The television business is enjoying a platinum age. I don’t mean the content, although that’s great, too. I’m talking about the hardware. Everywhere you look, another manufacturer places another bet on the technology it insists provides the best picture. With 4K resolution, HDR video, and quantum dots hitting mainstream sets, you don’t lack for options.
Right now, LG’s amazing OLED sets are widely considered the sets to beat. No LCD panel can match their contrast, because every pixel on an OLED screen can be individually controlled. Ink-black pixels cozy up alongside retina-searing colors with pin-sharp distinction. But Samsung and Sony claim their high-end LCD panels already beat OLED, especially if HDR video is your thing. Sony uses sophisticated image processing, crazy-bright panels, and a fine-grained dimming system to deliver a tantalizing picture.
As for Samsung, well, the Korean giant says the future lies with magical nanocrystals called quantum dots in its new line of Q-Series televisions.
Full Metal Jacket
As the name suggests, quantum dots are so small they make the width of an eyelash seen enormous. If you want to go deep on the tech, read my thorough primer on quantum dots. Here are the basics: When an LED backlight hits a quantum dot, it glows. The size of the dot dictates the color—the biggest, at 5.5 nanometers, handle pure reds, smaller dots handle pure green, and the LED backlights handle the blues.
In Samsung’s new sets, the quantum dots are arranged in a film that fills the screen. Once the backlight activates them, their light passes through the filters that render the colors you see watching Legion. This improves efficiency—instead of having to divide white light, which represents all the wavelengths of light, into precise colors, the filters in a quantum-dot set work with pristine hues. No light is wasted, resulting in brighter, more accurate colors.
Granted, the first few generations of quantum dot TVs looked more like neon signs, with colors you might call too punchy. Reds and greens in particular were prone to oversaturation. What’s more, excessive heat, humidity, and oxidation could over time snuff out the dots’ glow. Samsung worked with quantum dot companies to revise the tech in the new sets, placing each dot in a protective metal jacket. Each dot now has a metal core, helping improve stability.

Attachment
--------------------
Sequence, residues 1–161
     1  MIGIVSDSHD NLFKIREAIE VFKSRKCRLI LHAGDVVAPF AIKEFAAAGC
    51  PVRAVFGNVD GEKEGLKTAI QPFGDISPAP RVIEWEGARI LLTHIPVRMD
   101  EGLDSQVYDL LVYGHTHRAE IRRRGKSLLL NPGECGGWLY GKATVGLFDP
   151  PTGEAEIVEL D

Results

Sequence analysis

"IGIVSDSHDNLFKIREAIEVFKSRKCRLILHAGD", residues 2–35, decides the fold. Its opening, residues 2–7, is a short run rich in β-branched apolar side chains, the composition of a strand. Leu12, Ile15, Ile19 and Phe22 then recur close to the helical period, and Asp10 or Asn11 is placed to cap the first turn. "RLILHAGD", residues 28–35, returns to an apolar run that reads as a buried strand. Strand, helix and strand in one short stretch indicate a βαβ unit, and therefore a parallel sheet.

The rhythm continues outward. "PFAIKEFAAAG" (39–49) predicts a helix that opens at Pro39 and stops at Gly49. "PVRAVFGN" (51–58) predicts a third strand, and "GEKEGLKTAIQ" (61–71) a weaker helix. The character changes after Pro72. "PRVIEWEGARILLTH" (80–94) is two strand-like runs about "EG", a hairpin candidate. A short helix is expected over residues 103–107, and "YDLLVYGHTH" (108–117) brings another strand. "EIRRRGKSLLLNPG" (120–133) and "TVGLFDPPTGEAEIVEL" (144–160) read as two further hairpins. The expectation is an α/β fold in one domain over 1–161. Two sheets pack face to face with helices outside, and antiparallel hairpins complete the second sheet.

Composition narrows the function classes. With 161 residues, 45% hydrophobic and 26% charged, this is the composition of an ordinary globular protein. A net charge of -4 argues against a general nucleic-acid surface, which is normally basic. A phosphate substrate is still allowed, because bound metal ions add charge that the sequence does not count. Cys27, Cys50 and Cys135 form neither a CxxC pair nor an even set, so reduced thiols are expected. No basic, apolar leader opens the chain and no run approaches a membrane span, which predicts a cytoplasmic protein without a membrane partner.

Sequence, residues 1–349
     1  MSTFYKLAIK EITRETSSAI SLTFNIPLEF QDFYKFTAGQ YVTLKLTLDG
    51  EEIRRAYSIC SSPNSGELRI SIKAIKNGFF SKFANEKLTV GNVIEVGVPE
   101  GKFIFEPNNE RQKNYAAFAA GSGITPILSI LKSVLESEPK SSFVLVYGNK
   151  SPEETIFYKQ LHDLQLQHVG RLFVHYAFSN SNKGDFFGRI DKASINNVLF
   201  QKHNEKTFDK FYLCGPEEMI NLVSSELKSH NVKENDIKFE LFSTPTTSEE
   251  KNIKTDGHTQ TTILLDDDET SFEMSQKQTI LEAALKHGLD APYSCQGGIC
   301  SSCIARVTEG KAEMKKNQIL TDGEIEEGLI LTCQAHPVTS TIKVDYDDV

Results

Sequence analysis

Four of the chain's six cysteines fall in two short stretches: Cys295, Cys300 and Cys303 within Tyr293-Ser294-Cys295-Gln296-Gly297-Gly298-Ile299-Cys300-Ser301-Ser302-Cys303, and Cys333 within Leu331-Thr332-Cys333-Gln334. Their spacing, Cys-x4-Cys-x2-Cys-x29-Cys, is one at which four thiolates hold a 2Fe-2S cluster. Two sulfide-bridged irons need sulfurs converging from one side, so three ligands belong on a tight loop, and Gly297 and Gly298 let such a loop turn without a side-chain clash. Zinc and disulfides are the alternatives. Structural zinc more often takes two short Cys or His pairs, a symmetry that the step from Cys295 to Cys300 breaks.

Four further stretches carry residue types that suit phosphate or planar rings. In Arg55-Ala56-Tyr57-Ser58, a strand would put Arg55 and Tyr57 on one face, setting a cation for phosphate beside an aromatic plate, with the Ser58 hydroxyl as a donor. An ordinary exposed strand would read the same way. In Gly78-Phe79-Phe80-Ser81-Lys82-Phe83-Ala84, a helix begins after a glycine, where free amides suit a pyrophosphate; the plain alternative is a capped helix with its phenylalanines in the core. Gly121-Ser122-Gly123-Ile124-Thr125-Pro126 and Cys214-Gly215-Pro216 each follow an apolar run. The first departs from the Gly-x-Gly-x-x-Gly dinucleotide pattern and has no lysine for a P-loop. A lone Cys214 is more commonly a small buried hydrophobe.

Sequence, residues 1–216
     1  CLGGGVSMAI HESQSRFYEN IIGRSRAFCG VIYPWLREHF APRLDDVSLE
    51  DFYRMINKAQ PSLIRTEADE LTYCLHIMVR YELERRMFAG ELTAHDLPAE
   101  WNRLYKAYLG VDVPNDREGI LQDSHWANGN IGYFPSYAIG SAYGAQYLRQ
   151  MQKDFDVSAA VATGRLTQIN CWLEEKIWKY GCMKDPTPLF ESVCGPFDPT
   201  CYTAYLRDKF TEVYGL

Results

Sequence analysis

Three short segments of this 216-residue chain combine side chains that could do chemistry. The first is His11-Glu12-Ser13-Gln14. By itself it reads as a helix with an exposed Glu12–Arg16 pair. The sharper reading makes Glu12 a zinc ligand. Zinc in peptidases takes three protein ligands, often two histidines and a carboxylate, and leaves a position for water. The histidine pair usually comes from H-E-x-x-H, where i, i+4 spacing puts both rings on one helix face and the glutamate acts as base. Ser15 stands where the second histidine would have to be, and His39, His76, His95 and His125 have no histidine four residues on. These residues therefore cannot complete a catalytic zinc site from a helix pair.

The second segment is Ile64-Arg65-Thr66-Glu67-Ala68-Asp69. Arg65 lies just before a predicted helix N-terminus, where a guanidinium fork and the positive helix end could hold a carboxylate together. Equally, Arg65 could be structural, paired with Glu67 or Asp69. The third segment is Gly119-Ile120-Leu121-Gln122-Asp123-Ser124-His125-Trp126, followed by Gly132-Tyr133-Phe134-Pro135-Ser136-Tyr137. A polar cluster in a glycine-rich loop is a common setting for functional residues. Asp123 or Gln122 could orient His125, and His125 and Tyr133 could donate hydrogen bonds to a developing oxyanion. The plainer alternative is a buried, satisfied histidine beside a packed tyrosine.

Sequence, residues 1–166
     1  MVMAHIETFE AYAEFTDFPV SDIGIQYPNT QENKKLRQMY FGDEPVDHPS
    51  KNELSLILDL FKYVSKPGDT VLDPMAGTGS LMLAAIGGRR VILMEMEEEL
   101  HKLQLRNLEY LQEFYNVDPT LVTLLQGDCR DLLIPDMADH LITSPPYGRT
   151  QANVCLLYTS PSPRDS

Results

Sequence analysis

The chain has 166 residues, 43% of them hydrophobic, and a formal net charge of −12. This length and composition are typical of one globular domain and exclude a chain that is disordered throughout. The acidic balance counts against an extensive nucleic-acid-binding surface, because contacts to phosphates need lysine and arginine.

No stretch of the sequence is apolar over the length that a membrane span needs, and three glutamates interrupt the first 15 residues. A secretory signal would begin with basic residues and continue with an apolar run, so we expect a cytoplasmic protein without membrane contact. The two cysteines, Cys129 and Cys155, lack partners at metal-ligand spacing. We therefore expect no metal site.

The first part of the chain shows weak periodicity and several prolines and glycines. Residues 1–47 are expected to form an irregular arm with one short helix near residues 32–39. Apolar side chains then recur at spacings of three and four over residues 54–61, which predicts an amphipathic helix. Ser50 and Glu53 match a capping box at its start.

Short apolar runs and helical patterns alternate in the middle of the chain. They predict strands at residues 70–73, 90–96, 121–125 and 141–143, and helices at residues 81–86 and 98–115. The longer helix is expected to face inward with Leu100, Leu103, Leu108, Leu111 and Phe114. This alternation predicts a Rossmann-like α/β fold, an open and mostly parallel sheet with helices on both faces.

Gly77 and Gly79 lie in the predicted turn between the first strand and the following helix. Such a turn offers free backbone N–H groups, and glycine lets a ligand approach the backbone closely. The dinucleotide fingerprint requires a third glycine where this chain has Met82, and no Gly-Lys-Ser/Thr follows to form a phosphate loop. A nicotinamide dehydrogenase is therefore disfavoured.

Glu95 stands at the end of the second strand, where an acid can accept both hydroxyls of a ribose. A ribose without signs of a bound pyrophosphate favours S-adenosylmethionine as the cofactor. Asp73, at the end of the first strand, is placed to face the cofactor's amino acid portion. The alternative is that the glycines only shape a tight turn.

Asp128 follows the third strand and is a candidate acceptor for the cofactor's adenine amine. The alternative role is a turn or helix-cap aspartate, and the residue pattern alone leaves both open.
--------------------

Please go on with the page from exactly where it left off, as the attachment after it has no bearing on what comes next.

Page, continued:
The boost in efficiency doesn’t just enhance these sets’ color capabilities. There’s a trickle-down effect with the quantum dot improvements, which translates to better black levels and off-angle viewing, as well.
“The fact that they’re brighter, more powerful, and much more focused allows you to add more layers without impacting the color volume or off-angle viewing,” says Louis Masses, director of communications at Samsung. “Normally, if you put another layer on the panel, it dims everything. You lose color, you lose brightness. But here, the brightness and the efficiency allows you to put on a layer that helps improve black levels.”
To be sure, the Q-Series panels I saw at CES earlier this year provided a richer, more vibrant, and more nuanced picture than their predecessors—at least with the eye-candy demo content companies always show at CES. More impressive, it provided greater detail and richer color at high brightness levels than the LG OLED next to it. Samsung says you can credit color volume for that.
Pump Up the (Color) Volume
Imagine a red light bulb on a dimmer. At 20 percent brightness, the bulb casts a pleasant, warm glow. Jack it up to full brightness, and it hurts your eyes. The light in those scenarios may look like different colors, but only the luminance changes.
According to Samsung, the new QLED sets will be able to show the same color no matter the brightness level. Quantum dots and sophisticated tone-mapping and tuning let the Q-Series sets produce a wide range of accurate colors at any luminance level. And these TVs can get seriously bright: 2,000 nits, nearly three times brighter than an iPhone and twice as bright as last year’s Q-Series sets.
A wider color gamut is common among modern televisions, especially those made for HDR video. Showing forest green at full crank, sky blue at dimmed levels, and millions of shades in between is particularly important for HDR. Although color, contrast, and detail are different aspects of picture quality, granular gradients enhance them all. If you can see a million or so shades of yellow, a banana is going to look more nuanced, more lifelike, more appealing. OLED holds its own with HDR, but only to a point—even though they can achieve perfect blacks, the screens offer half the luminance of a modern LCD set. If you’re watching in a bright room and have to crank up the brightness on on OLED, your picture quality may suffer.
“With OLED, they need to make a choice between an accurate color and increasing the brightness,” says Samsung quality assurance manager Chris Andrade. “Brightness only moves it toward the white. So these subtle changes from the colors to white isn’t there. It just kinda goes from full color to white, with less in between.”
At this point, the best quantum dot tech is limited to Samsung’s flagship sets, which start at $2,800 and top out at 20 grand. But you don’t need much imagination to see prices coming down, as an LCD panel with a sheet of quantum dots generally costs less to produce than an OLED panel. And prices invariably fall as technology moves further into the mainstream. Until then, quantum dots command a premium for their color-volume capabilities.